Thread Starter

uzernaam

Joined Dec 12, 2021
19
Sounds like a job for a stepper motor with a gearbox to get you small increments of movement.

Bob
That configuration is what is specifically available in commercial mounts in the $1000-$10,000 range. I am very much intent on avoiding this type of design because of something called "periodic error" which is when a motor or gear causes a very tiny yet still very significant wobble and also because it required ultra-precise polar alignment and motors that turn with timing accuracy exceeding that of expensive watches. Also, stepper motors don't move smoothly, they vibrate as they turn and any vibration, no matter how slight, is very very bad when trying to track an object for 8 hours with errors less than 1/20 millionth of a rotation.

Remember - telescope optics are designed with surfaces measured in nanometers and angles measured in arcseconds.
 

MaxHeadRoom

Joined Jul 18, 2013
25,009
For many years I used Galil motion controllers, they are a motion card that uses a PC for the front end, they have been used for many decades in applications like this, the feedback response is in excess of 12Mhz.
I used them in CNC applications together with simple torque (transconductance) mode motor amplifiers.
You most likely can obtain help and advice from their engineering dept. if needed.
 

Thread Starter

uzernaam

Joined Dec 12, 2021
19
Nice motor. I would scrutinize the implications of any mechanics between the motor and axis, in regards to tolerances. Loading the axis to provide a constant torque over the scan path, May improve positional accuracy. Tracking with an image sensor (feedback) should be relatively straightforward.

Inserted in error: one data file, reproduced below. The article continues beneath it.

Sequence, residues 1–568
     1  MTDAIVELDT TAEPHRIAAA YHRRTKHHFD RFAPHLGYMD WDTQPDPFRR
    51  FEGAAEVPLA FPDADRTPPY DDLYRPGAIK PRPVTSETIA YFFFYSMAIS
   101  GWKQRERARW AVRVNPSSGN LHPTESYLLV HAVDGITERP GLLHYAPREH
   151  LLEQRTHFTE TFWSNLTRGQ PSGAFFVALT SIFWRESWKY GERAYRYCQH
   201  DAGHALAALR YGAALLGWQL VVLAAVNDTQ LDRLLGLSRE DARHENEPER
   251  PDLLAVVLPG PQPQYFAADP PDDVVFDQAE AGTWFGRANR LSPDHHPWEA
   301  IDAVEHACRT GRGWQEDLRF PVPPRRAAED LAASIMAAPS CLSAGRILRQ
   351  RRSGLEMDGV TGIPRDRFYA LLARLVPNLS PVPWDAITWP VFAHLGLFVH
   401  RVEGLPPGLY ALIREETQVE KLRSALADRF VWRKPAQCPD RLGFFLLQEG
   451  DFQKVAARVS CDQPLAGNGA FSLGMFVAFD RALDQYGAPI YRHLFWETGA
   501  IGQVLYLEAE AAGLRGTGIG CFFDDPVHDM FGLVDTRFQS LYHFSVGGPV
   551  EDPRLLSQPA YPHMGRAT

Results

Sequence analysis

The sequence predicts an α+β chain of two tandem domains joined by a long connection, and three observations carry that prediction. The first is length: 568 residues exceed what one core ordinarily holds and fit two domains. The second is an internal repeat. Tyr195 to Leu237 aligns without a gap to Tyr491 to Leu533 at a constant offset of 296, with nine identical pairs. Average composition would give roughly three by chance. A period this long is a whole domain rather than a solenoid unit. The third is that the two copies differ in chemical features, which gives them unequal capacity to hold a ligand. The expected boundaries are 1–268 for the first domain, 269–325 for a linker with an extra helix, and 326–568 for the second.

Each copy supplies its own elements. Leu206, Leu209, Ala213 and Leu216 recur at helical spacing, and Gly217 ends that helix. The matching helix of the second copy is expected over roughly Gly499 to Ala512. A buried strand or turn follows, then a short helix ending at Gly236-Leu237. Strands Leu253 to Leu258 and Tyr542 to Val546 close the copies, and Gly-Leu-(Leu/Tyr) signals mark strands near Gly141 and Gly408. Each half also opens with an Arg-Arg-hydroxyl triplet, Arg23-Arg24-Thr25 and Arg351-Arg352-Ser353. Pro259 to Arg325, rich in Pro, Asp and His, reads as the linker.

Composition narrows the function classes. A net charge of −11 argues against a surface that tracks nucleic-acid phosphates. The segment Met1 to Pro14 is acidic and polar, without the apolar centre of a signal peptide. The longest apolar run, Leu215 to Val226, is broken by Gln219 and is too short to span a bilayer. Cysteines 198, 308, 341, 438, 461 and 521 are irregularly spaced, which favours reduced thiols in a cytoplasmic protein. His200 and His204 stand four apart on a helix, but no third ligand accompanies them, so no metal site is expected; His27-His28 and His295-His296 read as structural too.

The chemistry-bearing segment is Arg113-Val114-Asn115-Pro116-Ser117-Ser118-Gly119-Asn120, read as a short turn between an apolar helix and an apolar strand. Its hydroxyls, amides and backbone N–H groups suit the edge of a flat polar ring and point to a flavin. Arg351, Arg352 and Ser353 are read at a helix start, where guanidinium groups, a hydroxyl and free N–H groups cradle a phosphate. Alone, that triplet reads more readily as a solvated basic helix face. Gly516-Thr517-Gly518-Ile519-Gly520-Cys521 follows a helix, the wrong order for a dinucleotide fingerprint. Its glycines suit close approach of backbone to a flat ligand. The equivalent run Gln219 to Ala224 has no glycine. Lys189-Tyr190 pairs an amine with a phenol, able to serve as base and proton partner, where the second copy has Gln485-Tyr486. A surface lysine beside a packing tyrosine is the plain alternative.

I've been speaking with a machinist on another forum, and he recommends cutting v-groove into 2 flat stainless steel 3/4" thick plates, then polishing/lapping the surfaces smooth to 5 microns (4000 grit) using a negative shape of the V. Then, a teflon cage with bearing holes goes in between with silicon nitride glass ball bearings. If the diameter of the v-groove is 12 inches for the altitude motor, and 16 inches for the azimuth, then I should get absolutely smooth friction-free glass-like motion with very little wobble which the tracker should be able to compensate for on the fly.

As far as positional accuracy, I was thinking that a simple x-y axis star image could provide feedback to the motor controller. If the star moves too far one direction, the controller is instructed to adjust the speed "a notch" to keep on target. Note: a "notch" in this case would be + or - a single percent fraction of average speed, which is the exact rotation of the earth, which is 0.00069634570271622 RPM.
 

Thread Starter

uzernaam

Joined Dec 12, 2021
19
For many years I used Galil motion controllers, they are a motion card that uses a PC for the front end, they have been used for many decades in applications like this, the feedback response is in excess of 12Mhz.
I used them in CNC applications together with simple torque (transconductance) mode motor amplifiers.
You most likely can obtain help and advice from their engineering dept. if needed.
Please understand that I'm no expert at anything, just a jack of all trades DIYer. When you say feedback of 12MHz, I assume that statement means that the controller can receive input from the motor (such as hall effect sensor, encoder, backEMF etc.) or input from a computer (star tracker), perform a calculation/run an algorithm, then make an adjustment to the output as often as 12 million times a second?
 

MaxHeadRoom

Joined Jul 18, 2013
25,009